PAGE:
“The Commission, committed to fulfilling its mandate and passionate about driving Digital Economy in Nigeria, has continued to implement initiatives to Protect, Inform and Educate telecom consumers in this regard. Through its Consumer Affairs Bureau (CAB), the Commission undertakes constant Consumer Education with a significant part of this effort dedicated to providing information that equips the Consumer to thrive in a world that has embraced digital finance. Information dissemination materials on how to safeguard themselves while using telecom platforms to access digital financial products are available on the NCC consumer portal whilst hardcopies are distributed at consumer outreach events.”
The NCC CEO said to further protect telecom consumers, the Nigerian Communications Commission’s Computer Security Incident Response Team (NCC-CSIRT) periodically notifies telecom consumers of the latest cybersecurity threats and how to avoid falling victim to them.
He said: “NCC-CSIRT in collaboration with the Nigeria Computer Emergency Response Team (ngCERT) at the office of the National Security Adviser has been at the forefront of protecting telecom consumers from cyber threats. The provision of timely advisories has helped to protect consumers from being unfairly targeted by cyber-attacks, which goes a long way in ensuring that they can access digital services without suffering unwarranted losses. We strongly believe that by fostering a culture of vigilance and knowledge, we can collectively reduce the success rate of e-fraud attempts.”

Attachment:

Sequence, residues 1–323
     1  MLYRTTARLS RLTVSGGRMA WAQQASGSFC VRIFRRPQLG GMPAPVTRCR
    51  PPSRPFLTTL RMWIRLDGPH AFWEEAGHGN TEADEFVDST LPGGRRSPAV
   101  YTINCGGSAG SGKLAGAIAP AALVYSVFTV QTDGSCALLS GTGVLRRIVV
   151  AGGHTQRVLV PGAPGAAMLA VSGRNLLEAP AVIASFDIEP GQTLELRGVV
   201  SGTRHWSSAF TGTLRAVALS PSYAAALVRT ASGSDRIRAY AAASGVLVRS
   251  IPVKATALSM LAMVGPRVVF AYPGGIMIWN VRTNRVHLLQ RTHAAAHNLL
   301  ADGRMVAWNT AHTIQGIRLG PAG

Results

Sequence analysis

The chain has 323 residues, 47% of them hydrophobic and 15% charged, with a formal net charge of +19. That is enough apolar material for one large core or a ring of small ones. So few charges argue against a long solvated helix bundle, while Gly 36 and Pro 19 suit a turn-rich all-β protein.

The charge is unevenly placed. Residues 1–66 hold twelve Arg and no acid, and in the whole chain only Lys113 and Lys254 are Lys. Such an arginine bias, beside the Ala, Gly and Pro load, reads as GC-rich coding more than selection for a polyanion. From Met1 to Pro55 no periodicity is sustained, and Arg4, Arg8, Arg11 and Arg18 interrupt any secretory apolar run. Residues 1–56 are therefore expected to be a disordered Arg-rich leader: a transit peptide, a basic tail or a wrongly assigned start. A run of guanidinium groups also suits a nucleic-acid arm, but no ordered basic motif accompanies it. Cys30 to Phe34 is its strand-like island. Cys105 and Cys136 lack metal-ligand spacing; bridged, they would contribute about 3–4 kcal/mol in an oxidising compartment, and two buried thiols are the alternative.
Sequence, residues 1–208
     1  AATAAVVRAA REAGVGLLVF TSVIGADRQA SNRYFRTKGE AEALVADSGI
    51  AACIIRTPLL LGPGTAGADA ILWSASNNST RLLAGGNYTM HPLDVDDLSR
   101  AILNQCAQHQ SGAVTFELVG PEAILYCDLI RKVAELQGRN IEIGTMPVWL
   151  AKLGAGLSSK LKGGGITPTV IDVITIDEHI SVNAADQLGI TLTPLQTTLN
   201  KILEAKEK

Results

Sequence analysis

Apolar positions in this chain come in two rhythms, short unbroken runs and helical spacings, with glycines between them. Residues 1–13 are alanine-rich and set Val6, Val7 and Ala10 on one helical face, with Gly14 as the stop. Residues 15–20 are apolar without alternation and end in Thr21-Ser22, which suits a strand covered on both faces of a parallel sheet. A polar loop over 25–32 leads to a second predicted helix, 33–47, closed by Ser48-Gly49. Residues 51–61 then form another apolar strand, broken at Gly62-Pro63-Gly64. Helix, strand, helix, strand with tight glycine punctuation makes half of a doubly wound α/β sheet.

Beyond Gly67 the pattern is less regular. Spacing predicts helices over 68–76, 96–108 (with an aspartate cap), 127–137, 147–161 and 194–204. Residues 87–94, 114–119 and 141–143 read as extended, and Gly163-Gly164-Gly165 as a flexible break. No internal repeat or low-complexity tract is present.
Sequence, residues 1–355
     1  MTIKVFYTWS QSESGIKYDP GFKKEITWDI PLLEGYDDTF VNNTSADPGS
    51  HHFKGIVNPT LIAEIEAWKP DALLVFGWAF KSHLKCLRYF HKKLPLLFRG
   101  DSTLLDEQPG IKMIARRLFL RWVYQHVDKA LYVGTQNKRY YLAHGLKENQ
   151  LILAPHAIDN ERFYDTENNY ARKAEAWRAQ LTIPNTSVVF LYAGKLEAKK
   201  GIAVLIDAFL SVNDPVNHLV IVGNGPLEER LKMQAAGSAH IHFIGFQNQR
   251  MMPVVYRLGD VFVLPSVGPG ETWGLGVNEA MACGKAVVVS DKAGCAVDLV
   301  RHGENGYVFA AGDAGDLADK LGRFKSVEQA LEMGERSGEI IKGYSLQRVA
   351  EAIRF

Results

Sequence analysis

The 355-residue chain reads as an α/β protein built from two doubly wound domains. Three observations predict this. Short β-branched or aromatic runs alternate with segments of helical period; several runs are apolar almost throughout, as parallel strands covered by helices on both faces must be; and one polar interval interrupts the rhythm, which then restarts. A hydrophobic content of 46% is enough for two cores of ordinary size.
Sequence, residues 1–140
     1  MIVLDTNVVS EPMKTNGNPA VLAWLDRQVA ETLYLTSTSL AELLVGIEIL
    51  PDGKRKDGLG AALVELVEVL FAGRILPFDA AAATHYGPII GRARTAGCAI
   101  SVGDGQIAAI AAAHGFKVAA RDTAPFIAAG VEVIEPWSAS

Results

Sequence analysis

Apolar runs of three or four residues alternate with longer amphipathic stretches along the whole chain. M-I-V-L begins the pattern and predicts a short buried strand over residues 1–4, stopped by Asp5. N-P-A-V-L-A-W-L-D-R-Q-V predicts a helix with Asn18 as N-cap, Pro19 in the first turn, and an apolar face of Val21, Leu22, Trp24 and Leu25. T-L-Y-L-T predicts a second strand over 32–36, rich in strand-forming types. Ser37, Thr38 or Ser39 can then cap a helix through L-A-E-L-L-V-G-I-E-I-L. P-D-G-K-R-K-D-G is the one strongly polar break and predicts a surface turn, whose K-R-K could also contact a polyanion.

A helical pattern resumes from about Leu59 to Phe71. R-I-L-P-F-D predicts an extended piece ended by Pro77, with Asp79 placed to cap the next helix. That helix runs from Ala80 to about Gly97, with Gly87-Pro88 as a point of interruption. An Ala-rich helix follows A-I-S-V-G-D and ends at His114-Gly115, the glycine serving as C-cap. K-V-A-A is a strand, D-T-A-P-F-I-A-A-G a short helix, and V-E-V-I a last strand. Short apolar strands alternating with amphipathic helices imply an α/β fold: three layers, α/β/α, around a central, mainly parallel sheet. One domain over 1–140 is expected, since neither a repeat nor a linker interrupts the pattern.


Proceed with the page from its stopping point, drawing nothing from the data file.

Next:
But he added that combatting e-fraud is not just the responsibility of industry stakeholders and authorities, and that consumers too, must be active participants in this battle against e-fraud.
He said: “Building consumer awareness and promoting digital literacy is crucial to empowering individuals to protect themselves. Telecom operators should educate their customers about potential risks, provide guidance on secure online practices, and offer user-friendly tools to monitor and manage their accounts. Regular communication with customers, promptly addressing their concerns, and providing timely updates on security issues are vital in establishing trust. To build consumer confidence in the Digital Economy, we must emphasize transparency and accountability. Telecom operators should be transparent about their security measures, privacy policies, and incident response mechanisms. Collaboration with third-party security firms and independent audits can also help validate the integrity of telecom platforms.”